The options for treating femoral fractures in children and adolescents have evolved over the last 2 decades to include a variety of nonoperative and operative methods. The purpose of this study was to identify changes in the types of treatment for pediatric femoral fractures in the United States from 1997 to 2012.Methods:
From discharge estimates for 1997, 2000, 2003, 2006, 2009, and 2012 in the Kids’ Inpatient Database, data were extracted using the International Classification of Diseases, 9th revision, and Clinical Modification for pediatric femoral fracture treatments. Patients included were 0 to 17 years old and were categorized into 5 age groups: younger than 1, 1 to 4, 5 to 9, 10 to 14, and 15 to 17 years.Results:
A total of 74,483 estimated discharges were recorded for pediatric patients with femoral fractures in the database for years 1997, 2000, 2003, 2006, 2009, and 2012. A total of 12,986 pediatric femoral fractures were estimated for 1997 and 9813 for 2012, which was statistically different (P<0.0001). Significantly fewer fractures were treated with closed reduction alone in 2012 than in 1997 in age groups 5 to 9, 10 to 14, and 15 to 17 years. Children aged 5 to 9 had more frequent open reduction and internal fixation in 2012 than in 1997, whereas adolescents aged 15 to 17 had less frequent open reduction and internal fixation in 2012 than in 1997.Conclusions:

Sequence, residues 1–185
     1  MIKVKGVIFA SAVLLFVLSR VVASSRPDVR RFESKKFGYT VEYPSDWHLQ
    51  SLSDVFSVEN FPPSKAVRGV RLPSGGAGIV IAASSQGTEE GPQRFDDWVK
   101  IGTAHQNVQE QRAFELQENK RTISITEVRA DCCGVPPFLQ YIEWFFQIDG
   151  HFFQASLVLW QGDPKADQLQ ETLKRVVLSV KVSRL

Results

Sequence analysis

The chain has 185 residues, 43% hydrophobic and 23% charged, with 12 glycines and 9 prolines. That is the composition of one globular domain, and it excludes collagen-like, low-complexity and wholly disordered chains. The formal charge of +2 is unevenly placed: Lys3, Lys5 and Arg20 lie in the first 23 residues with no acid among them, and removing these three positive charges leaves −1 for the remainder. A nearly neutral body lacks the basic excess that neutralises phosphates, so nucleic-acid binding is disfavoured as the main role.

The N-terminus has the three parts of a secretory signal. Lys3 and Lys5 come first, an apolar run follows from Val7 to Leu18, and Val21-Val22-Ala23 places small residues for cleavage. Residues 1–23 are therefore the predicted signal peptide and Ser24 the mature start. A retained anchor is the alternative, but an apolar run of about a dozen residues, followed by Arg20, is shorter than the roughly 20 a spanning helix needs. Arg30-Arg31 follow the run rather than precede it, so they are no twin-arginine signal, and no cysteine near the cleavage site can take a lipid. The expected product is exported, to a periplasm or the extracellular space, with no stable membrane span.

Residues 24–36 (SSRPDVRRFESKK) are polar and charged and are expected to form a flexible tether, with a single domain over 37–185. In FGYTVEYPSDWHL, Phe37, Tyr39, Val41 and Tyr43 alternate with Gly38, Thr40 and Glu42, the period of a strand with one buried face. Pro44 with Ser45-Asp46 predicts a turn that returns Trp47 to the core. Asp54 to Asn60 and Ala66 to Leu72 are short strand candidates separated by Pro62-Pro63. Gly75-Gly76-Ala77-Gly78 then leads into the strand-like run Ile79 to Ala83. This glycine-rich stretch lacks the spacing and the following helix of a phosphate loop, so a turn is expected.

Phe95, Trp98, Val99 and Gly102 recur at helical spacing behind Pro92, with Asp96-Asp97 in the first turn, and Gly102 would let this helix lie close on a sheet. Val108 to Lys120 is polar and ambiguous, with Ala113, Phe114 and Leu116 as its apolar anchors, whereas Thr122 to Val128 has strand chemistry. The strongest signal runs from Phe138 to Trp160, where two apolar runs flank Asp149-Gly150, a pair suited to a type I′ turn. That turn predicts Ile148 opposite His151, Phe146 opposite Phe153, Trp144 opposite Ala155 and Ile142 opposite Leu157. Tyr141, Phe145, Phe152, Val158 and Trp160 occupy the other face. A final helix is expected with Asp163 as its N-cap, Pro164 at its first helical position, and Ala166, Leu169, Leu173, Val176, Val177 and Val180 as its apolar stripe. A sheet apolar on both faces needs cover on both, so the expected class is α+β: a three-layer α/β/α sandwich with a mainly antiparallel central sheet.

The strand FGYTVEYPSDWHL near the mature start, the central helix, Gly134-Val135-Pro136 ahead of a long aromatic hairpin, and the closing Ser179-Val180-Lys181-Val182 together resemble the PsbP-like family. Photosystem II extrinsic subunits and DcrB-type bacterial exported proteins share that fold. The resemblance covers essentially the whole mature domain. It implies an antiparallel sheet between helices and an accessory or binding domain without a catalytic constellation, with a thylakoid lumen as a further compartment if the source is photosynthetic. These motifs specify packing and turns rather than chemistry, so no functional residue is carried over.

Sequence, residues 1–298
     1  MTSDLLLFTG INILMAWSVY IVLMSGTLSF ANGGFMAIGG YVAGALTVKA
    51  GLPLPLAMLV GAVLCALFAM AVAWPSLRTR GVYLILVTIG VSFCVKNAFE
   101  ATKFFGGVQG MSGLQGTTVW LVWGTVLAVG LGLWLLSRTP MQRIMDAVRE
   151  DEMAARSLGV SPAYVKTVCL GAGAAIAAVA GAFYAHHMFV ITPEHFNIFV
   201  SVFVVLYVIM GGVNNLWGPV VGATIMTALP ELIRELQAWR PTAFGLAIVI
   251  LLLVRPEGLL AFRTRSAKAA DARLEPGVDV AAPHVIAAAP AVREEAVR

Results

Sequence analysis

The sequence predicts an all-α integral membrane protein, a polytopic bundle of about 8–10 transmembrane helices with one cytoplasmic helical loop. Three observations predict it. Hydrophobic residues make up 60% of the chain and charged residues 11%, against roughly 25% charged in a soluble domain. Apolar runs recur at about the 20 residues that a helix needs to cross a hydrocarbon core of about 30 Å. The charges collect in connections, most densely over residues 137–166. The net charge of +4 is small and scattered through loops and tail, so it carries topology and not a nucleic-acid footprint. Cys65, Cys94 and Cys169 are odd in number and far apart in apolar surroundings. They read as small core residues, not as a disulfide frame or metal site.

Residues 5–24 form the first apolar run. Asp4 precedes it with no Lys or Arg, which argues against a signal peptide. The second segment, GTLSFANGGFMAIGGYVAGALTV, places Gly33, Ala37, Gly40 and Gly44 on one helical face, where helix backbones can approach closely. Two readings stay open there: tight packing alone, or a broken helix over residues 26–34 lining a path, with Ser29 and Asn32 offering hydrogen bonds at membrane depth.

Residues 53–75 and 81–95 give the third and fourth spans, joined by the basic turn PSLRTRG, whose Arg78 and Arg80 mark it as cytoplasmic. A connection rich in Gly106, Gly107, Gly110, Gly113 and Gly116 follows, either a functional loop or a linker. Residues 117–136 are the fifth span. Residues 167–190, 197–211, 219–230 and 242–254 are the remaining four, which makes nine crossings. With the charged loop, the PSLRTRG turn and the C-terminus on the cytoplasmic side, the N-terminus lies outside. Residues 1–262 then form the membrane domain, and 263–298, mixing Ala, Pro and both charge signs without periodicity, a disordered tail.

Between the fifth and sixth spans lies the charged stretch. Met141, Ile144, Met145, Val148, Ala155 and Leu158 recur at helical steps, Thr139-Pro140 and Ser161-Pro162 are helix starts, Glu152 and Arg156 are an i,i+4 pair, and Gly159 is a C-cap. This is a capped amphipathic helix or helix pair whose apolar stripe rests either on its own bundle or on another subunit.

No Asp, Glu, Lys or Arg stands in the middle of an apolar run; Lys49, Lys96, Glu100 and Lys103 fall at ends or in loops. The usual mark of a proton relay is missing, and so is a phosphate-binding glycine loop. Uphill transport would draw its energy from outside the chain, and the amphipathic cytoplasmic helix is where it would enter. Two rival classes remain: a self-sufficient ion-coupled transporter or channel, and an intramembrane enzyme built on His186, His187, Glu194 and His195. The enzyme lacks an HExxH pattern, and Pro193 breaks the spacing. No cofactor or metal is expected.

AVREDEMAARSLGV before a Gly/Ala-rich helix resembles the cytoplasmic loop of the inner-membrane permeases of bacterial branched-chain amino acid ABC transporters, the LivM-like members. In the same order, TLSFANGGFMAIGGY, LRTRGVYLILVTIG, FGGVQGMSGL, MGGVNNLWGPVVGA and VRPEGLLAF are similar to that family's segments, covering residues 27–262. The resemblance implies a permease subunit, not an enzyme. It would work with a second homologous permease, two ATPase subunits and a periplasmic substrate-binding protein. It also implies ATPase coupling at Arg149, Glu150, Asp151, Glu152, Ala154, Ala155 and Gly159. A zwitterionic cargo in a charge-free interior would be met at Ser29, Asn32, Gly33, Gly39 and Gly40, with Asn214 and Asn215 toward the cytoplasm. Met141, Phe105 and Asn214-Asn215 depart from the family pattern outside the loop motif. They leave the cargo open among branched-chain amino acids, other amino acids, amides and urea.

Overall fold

Although the number of femoral shaft fractures overall has decreased, the frequency of operative treatment has increased significantly in patients 5 to 9 years of age. Knowledge of these trends can guide educational efforts and resource allocation, but further study is necessary to determine procedure-specific (eg, nailing, plating, external fixation) trends and their clinical and economic impacts.Level of Evidence:
Level III—case series.